Skip to main content : watch out if you manage a classroom

As reported earlier, the Autodesk Education Community provides free licenses for students. However, if you are a school which uses Autodesk software for teaching, you have to buy a classroom license, which is not free, but, considering the amount of software you got, is priced fairly low (about €1.000 for 10 licenses for a suite with most Autodesk software included).

So far, nothing special, you would think. Unless you start to mix things. The EULA for the student version only allows (apart from the obvious non-commercial) this for work at home only and not for the classroom sessions. It is primarily meant to ensure classrooms will buy a lab-license on their computers.

We had a rather heavy discussion in a meeting with CAD teachers yesterday, where this seemed really problematic. Everybody assumed that they had bought a sufficient amount of licenses, while the educational responsible for Autodesk seemed to suggest we needed to buy additional licenses. Why am I not surprised?

Let me explain this with an example. We have currently 50 Autodesk licenses for our classrooms, which allows us to install the software we want (e.g. AutoCAD Architecture, Revit, Ecotect and 3ds Max Design) on all our PC's. But there is a problem when students bring their laptop to the classroom. For any student following classes, the school should have a corresponding license.

Another teacher at another school has no lab computers available, as all students have a school laptop. They assumed (with the agreement of the dealer) that all students could use the student-version from the Autodesk Education Community without problem. But the license implies that you have to buy additional licenses for any student following classes. So that teacher has no computers, yet still he has to buy a lab-license for all his students, which the students won't even install, as they have the student version with their own registration already loaded on their laptop. The problem is that the student license is invalid the moment a student enters a classroom.

What to do if you manage a classroom? What do you do?

Do you need to buy a license for all concurrent students following classes? Or for the total amount of students? And what about the students using this in the design studio, who don't have CAD classes?

The answer from Autodesk: describe your situation and they will provide a specific proposal for your classroom. I actually hoped that Autodesk would have informed their own dealers from where we bought our software on beforehand.


Popular posts from this blog

Improve usage of BIM during early design phases

When I was collecting ideas for a book chapter on BIM (that seemed to never have emerged after that), I collected 10 ideas, which I believe still reflect good recommendations to improve the usage of BIM during the early design phases. These ideas are related to BIM software, but you can apply them in any flavor, as long as you can model with Building Elements, Spaces and have control over representation. Introduction This article gives an overview of several recommendations and tips, to better apply BIM applications and BIM methodologies, in the context of the early design phases. Many of these tips are applicable in any BIM application and they are based on experience gathered from teaching, researching and using BIM software. Sometimes they could help software developers to improve the workflow of their particular BIM implementation. Tip 1 : Gradually increase the amount of information In the early design phases, the architect makes assumptions and lays out the main design in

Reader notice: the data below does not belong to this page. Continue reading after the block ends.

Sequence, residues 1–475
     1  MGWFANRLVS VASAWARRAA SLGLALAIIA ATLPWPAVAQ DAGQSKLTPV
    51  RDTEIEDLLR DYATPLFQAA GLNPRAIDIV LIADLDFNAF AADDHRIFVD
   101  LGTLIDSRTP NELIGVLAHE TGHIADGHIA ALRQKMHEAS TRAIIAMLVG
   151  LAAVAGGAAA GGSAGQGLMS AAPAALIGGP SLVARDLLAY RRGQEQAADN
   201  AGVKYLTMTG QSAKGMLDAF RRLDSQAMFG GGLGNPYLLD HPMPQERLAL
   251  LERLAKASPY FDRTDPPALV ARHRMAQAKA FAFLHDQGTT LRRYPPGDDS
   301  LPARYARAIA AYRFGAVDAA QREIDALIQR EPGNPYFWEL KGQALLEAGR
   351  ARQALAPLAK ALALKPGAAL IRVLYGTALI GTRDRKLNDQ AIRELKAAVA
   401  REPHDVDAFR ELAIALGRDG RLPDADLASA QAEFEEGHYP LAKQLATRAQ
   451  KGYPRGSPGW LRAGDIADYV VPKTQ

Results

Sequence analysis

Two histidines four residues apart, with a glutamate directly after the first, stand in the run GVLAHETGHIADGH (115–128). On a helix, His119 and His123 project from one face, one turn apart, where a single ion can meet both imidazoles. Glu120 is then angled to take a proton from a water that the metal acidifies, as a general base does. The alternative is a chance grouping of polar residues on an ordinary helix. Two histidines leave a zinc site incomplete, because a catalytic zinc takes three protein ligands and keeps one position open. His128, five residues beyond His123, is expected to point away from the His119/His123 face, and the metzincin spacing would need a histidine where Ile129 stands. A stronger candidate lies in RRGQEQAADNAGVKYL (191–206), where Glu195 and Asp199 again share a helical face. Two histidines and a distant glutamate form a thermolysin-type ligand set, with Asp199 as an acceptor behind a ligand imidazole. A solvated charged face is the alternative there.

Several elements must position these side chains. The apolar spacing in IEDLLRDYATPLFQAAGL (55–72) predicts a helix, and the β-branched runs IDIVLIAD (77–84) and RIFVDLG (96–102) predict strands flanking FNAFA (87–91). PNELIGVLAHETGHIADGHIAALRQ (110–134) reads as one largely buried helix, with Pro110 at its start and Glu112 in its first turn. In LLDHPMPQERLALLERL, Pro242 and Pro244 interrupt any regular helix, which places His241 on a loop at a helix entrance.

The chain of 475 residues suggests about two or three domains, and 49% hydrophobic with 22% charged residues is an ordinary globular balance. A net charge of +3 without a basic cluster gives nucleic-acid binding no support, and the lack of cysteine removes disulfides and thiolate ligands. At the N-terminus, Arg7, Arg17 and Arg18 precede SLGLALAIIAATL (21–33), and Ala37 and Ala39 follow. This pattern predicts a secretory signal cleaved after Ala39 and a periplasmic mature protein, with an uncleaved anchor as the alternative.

Getting BIM data into Unity (Part 9 - using IfcConvert)

This is part 9 of a series of posts about getting BIM data into Unity. In this post, we’ll discuss the IfcConvert utility from the IfcOpenShell Open Source IFC Library to preprocess an IFC model for integration with Unity. This is (finally?) again a coding post, with some scripts which are shared to build upon. Conversion of IFC into Unity-friendly formats The strategy with this approach is that you preprocess the IFC-file into more manageable formats for Unity integration. Most Web-platforms do some sort of pre-processing anyway, so what you see in your browsers is almost never an IFC-file, but an optimised Mesh-based geometric representation. However, it wouldn’t be BIM-related if we’d limit ourselves to the geometry, so we will parse the model information as well, albeit using another, pre-processed file. IFC to Wavefront OBJ I used a test IFC-model and used the IfcConvert-utility converted it into OBJ en XML formats. The default way to use it is very simple:

Getting BIM data into Unity (Part 8 - Strategies to tackle IFC)

This is part 8 of a series of posts about getting BIM data into Unity. In this post, we’ll discuss IFC as a transfer format towards Unity. As with the previous post, this is not a coding post, although hints and examples are provided. Open BIM and IFC Everybody who ever met me or heard me present on a conference or BIM-lecture will not be surprised to hear that I’m a strong believer in the Industry Foundation Classes (IFC), an open standard, with already two versions published as an ISO standard, being IFC2x2 and IFC4 (but surprisingly not IFC2x3 which is widely used). In the ideal world, this would be the format to use to transfer BIM data into another environment, such as Unity. So what are our options? Looking in the Unity Asset Store Assimp is a library which supports multiple formats, including IFC.   I did a few attempts, but alas without any success. It is possib